The following is part of KRCC's 'Peak Past' essay series.
Even the Pikes Peak Marathon’s greatest champion, Matt Carpenter, has been brought to his knees by the mountain.
His first Ascent race in 1987 left him puking bright yellow Gatorade and bananas on the way down the road, according to author Harald Fricker’s 2005 book.
From that less-than-stellar start, Carpenter went on to dominate the race, winning a dozen Marathons, six Ascents, and he’s twice “doubled,” which is winning both the Ascent and Marathon on back-to-back days. After a tough Marathon loss in 1992, he returned the following year to set records for both the fastest Ascent (2:01) and Marathon (3:16) times still regarded nearly three decades later as one of the greatest performances in trail running history.
In 2004, Carpenter went looking for another challenge in the Leadville Trail 100 Mile Run. He started strong but then had to walk the course’s final thirty miles. But as was the case many times before, Carpenter didn’t give up. He went back the next year - a year wiser - and broke the course record by over ninety minutes.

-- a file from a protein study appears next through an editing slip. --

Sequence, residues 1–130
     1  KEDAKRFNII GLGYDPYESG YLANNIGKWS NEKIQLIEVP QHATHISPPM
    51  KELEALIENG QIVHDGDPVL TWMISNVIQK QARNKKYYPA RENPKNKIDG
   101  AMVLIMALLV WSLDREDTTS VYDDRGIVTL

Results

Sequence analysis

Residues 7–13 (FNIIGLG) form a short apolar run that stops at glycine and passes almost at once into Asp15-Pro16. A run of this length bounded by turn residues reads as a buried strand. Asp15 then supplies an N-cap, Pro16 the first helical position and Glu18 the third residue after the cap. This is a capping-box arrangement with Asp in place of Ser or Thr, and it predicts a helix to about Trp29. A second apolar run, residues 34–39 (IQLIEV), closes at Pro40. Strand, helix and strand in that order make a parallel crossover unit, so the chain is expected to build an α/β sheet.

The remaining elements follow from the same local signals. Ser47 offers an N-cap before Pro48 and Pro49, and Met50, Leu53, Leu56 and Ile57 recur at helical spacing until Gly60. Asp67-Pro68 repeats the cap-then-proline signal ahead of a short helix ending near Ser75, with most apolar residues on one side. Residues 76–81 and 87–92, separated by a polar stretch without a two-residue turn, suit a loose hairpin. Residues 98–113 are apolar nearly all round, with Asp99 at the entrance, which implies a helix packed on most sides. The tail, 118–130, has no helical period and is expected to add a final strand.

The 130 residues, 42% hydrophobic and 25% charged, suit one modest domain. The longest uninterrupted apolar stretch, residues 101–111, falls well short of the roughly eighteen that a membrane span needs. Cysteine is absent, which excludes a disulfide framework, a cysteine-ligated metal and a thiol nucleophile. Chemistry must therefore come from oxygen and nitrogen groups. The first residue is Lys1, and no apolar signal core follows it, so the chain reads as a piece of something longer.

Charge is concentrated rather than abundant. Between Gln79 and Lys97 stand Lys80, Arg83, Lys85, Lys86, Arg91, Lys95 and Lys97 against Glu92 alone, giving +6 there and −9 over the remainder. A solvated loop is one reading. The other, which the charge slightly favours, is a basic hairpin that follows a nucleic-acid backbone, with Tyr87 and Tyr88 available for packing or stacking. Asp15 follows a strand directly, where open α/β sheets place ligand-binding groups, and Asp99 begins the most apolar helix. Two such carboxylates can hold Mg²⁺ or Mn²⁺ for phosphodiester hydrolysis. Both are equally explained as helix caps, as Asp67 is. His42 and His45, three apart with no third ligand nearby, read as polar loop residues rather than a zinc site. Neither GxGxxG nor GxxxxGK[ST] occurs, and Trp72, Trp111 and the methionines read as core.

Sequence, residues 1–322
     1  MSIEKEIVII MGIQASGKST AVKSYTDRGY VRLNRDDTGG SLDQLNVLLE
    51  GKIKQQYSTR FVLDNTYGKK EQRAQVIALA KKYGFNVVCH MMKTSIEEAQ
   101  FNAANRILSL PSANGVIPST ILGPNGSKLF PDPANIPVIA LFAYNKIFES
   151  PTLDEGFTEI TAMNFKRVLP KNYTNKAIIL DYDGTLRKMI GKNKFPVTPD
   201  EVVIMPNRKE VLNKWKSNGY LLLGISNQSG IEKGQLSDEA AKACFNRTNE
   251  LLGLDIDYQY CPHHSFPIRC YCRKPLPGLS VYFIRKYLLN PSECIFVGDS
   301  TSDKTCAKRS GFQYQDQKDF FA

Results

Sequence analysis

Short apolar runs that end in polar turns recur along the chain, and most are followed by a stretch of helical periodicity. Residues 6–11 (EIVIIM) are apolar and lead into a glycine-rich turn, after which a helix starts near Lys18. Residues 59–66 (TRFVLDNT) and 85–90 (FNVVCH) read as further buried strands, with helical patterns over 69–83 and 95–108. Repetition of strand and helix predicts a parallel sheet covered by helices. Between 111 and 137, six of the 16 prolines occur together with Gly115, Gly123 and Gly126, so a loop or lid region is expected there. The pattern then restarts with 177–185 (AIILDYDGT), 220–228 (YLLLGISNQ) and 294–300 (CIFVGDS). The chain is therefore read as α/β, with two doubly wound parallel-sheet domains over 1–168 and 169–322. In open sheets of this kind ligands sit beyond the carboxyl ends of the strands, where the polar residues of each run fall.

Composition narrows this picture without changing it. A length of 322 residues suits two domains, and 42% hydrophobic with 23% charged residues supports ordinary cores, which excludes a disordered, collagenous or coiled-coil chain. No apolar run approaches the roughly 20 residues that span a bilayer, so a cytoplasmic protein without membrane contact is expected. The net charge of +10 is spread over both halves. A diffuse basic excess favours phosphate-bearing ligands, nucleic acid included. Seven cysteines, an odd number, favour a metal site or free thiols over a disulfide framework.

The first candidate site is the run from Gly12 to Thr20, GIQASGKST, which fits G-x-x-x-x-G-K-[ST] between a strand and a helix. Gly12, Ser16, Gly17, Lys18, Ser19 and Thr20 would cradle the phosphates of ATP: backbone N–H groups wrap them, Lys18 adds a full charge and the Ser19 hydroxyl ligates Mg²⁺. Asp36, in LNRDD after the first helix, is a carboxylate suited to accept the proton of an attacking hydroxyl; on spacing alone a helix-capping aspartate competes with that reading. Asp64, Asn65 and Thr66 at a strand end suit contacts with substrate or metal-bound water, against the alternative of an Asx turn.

That's like beating Usain Bolt’s 100-meter time by a full second.
His time of 15:42 at Leadville, like his 1993 race on Pikes Peak, is generally considered one of the greatest ultrarunning performances of all time.
Afterwards, publisher of Colorado Runner magazine, Derek Griffiths, said “It was a perfect race for him. He finished in daylight…no one has ever done that before.”
Carpenter won every Pikes Peak Marathon from 2006 to 2011, and after that final victory in 2011 at age 47, he retired from running.
Nowadays you can find Carpenter in one of two places - either on the trails around Pikes Peak, or selling frozen custard on the main street in Manitou Springs, where he can keep a close eye on the mountain that’s so shaped his life.
Until our next mountainside chat — be good, be well, and no matter what, climb on.
Peak Past (formerly Peak Perspectives) is a weekly segment written and voiced by Matt Cavanaugh, a lieutenant colonel in the U.S. Army and a resident of Manitou Springs where he lives with his wife and two young children. Through his writing, Cavanuagh explores life in the Pikes Peak region, including the gradients and subtleties of our lives in the shadow of America's Mountain.
You can find more work by Cavanaugh here.
KRCC's Abigail Beckman manages the "Peak Past" series. The opinions expressed in this publication are those of the authors. They do not purport to reflect the opinions or views of KRCC or Colorado Public Radio.
Peak Past is sponsored by Gold Hill Mesa.
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